BAI to trial solar power on NSW telecom antenna tower

BAI Communications
Wednesday, 16 July, 2014

Solar power solutions provider Photon Energy has teamed up with German Energy Agency (dena) and Australia’s BAI for a pilot project to pioneer the use of renewable energy for communications infrastructure in remote locations.

Photon Energy will install a 215 kWh solar PV powered battery system that will replace the current power system of a broadcast antenna near Muswellbrook in NSW, operated by BAI.

The tower will store solar power during daylight hours and provide a constant 24-hour power supply from the battery system and back-up generator.

Once successfully tested the concept could be implemented on thousands of sites across Australia. Details about the project can be found at

Jim Hassell, BAI Group CEO, said, “We’re thrilled to be involved in this ground-breaking project. As a service provider that relies heavily on external market forces, it’s exciting to think that soon we’ll be able to generate much of our own power.

“The longer-term outcome of this project will prove beneficial for our customers in many ways, as we’ll be able to provide them with a lower carbon footprint, more cost certainty and improved reliability against the grid in remote locations,” added Hassell. “We’re looking forward to assessing the outcomes of this project for a potential future network-wide implementation.”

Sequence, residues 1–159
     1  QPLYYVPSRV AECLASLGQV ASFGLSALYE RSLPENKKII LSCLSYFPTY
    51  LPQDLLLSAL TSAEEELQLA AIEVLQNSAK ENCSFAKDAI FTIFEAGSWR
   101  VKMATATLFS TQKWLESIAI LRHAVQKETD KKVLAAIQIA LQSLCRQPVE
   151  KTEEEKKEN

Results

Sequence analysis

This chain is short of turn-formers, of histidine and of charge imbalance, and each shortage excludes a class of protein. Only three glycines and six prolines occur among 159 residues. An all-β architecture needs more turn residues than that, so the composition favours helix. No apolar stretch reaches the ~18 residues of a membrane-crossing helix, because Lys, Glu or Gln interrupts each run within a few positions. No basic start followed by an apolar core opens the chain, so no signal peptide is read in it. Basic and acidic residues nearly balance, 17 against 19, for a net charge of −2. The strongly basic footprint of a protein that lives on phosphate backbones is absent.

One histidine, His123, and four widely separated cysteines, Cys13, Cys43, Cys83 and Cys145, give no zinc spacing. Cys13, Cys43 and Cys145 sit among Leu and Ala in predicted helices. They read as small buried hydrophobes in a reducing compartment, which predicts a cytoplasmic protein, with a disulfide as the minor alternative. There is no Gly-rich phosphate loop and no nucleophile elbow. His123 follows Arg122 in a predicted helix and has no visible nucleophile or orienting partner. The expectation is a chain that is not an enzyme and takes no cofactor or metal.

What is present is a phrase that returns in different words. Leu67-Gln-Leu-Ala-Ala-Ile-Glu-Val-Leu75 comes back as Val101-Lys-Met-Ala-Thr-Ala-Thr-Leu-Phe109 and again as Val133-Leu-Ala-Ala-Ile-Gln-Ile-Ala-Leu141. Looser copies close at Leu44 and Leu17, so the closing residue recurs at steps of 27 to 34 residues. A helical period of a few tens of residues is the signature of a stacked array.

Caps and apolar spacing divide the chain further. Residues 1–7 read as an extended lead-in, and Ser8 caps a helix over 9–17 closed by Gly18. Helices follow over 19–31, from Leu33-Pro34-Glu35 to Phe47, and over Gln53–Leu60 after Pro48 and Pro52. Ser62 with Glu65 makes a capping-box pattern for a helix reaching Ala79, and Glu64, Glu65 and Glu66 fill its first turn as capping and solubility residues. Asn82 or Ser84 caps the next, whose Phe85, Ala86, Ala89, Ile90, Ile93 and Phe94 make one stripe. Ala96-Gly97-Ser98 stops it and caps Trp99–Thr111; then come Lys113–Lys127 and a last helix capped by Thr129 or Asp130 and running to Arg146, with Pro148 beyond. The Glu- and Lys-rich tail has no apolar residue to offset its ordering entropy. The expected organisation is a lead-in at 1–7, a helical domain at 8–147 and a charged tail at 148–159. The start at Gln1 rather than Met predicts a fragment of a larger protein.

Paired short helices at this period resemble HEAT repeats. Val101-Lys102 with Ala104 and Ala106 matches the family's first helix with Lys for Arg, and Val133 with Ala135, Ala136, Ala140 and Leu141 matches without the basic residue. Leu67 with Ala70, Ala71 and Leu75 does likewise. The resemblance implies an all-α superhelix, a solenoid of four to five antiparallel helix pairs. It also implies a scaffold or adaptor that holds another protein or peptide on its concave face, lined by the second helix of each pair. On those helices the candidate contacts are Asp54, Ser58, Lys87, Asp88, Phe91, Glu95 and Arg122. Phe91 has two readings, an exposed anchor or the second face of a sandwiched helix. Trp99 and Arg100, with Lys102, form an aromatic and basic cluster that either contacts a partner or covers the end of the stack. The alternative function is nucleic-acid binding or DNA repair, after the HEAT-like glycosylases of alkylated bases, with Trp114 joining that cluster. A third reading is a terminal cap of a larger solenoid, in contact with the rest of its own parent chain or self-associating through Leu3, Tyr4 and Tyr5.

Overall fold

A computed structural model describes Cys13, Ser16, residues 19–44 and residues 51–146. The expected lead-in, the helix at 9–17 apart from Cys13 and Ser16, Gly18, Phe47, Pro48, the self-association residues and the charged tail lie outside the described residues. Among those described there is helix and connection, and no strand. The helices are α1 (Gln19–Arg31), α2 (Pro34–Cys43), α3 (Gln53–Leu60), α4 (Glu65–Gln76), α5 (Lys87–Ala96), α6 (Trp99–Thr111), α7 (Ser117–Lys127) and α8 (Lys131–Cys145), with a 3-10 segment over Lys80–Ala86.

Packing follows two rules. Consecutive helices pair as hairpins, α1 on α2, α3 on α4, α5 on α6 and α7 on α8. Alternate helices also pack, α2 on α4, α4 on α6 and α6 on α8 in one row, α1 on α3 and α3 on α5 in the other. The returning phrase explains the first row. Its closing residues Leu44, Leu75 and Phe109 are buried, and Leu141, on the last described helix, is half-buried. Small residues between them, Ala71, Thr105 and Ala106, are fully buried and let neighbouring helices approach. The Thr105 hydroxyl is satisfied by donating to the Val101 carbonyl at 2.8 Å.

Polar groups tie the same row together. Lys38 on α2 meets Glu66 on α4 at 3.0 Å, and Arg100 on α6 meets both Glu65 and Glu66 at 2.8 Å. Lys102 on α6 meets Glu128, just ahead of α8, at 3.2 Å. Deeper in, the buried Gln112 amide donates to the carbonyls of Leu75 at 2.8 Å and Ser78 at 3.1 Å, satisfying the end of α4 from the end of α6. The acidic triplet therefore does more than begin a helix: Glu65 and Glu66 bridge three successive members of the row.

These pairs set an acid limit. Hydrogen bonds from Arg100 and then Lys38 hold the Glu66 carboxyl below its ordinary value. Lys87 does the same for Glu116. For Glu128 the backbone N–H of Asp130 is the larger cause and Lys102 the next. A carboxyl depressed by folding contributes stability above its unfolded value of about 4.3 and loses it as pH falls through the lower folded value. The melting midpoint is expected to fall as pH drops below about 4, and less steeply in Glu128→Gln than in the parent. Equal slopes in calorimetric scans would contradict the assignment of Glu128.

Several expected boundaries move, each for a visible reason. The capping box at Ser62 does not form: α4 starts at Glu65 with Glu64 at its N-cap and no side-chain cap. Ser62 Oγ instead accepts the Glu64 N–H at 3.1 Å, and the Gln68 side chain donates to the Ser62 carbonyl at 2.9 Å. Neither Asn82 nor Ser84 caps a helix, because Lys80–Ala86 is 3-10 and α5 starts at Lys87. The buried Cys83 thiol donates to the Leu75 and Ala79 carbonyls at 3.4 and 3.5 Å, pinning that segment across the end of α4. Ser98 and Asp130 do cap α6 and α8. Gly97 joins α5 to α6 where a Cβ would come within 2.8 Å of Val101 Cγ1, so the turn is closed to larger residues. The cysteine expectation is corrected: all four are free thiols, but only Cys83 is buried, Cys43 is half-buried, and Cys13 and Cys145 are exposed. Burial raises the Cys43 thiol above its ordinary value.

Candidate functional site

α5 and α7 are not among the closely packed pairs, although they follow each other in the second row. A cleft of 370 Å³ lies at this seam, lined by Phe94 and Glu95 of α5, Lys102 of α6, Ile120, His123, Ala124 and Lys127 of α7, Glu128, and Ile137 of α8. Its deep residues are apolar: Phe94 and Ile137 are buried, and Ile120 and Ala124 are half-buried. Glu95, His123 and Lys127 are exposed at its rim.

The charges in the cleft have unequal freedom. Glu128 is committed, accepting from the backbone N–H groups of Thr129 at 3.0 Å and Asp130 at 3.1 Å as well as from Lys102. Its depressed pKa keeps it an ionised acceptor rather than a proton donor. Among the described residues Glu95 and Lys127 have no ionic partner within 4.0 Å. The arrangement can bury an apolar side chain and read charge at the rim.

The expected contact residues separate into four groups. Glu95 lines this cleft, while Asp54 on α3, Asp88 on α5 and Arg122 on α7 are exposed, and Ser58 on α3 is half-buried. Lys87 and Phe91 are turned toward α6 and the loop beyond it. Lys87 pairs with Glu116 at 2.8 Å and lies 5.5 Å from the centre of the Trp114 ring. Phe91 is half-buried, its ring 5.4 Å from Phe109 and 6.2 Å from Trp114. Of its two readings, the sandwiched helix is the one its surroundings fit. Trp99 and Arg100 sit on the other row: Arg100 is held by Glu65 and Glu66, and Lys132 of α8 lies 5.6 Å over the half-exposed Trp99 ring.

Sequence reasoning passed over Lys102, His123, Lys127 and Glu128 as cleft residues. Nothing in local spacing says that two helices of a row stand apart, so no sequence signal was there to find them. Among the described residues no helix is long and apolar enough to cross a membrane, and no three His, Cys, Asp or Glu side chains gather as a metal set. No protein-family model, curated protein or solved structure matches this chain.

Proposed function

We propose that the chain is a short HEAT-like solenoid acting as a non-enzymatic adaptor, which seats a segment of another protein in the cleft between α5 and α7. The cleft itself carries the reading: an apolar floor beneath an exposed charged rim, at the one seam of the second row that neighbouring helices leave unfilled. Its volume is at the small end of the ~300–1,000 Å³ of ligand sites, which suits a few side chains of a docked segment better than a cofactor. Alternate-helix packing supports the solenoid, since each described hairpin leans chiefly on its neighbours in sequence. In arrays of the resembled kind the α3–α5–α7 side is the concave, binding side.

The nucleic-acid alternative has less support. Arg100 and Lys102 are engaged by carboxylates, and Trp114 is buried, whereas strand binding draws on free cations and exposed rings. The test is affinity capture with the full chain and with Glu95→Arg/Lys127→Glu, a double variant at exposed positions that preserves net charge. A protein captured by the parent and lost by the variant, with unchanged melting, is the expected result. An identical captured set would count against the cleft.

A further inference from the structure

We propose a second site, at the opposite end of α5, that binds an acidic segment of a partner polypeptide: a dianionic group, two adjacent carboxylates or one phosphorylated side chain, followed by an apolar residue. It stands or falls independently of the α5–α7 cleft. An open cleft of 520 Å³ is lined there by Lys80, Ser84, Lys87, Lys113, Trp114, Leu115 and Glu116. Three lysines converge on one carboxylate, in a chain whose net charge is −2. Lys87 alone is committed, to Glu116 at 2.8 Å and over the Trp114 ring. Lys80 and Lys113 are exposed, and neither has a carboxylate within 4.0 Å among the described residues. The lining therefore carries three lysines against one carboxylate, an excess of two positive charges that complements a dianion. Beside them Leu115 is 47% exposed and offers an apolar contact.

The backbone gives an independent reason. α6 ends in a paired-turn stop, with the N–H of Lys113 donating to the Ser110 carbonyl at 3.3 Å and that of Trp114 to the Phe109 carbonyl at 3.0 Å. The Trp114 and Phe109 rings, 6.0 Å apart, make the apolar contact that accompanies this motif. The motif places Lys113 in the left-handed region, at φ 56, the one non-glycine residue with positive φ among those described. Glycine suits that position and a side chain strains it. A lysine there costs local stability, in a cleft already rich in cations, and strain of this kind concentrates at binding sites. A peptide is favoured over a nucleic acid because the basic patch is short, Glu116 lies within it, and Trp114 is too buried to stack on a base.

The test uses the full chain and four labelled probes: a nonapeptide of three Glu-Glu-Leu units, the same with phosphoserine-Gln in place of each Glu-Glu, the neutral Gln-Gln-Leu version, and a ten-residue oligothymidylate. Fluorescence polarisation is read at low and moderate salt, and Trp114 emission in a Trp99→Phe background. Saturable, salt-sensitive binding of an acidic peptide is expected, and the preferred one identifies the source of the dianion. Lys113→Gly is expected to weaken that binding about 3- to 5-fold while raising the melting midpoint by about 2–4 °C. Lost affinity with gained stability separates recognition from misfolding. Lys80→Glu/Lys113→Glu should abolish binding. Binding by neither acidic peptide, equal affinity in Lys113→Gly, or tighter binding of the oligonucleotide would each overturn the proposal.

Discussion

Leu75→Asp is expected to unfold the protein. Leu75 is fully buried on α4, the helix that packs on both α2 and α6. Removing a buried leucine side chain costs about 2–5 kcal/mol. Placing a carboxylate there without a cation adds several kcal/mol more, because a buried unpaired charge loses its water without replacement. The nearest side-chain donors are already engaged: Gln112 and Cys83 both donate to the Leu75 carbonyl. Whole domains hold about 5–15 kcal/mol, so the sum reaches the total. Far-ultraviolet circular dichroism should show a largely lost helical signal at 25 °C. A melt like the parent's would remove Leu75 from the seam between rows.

“Having been selected by dena to implement this innovative solar PV battery power supply is a great step forward for solar power to provide a complete clean and economically viable power supply for remote sites,” says Michael Gartner, managing director of Photon Energy Australia. “dena has shown confidence in our solution and it is great success for us.

“The potential for solar PV in the replacement of conventional energy sources is substantial and will bring cost benefits and emissions savings for Australia in the coming years and decades,” Gartner added.

The tower will be powered by a 39 kWp solar power installation using 215 kWh of batteries and a 8 kVA diesel back-up system for emergencies. The technology - 96 solar panels, 24 BAE batteries (supplied by R+J batteries), 3 SMA inverters and a monitoring system - is mostly made in Germany.

Photon Energy has already installed several rooftop power plants in Australia and has recently presented a standardised financing option to unlock the commercial PV market for business customers.

“We are thrilled that we can show how to incorporate solar PV into any given energy system and prove that using abundant sunlight for your own power consumption is the way forward,” said Gartner.

Photon Energy secured funding from the German Federal Ministry for Economic Affairs and Energy (BMWi) as part of dena’s worldwide Renewable Energy Solutions Programme coordinated by dena and co-financed by BMWi.

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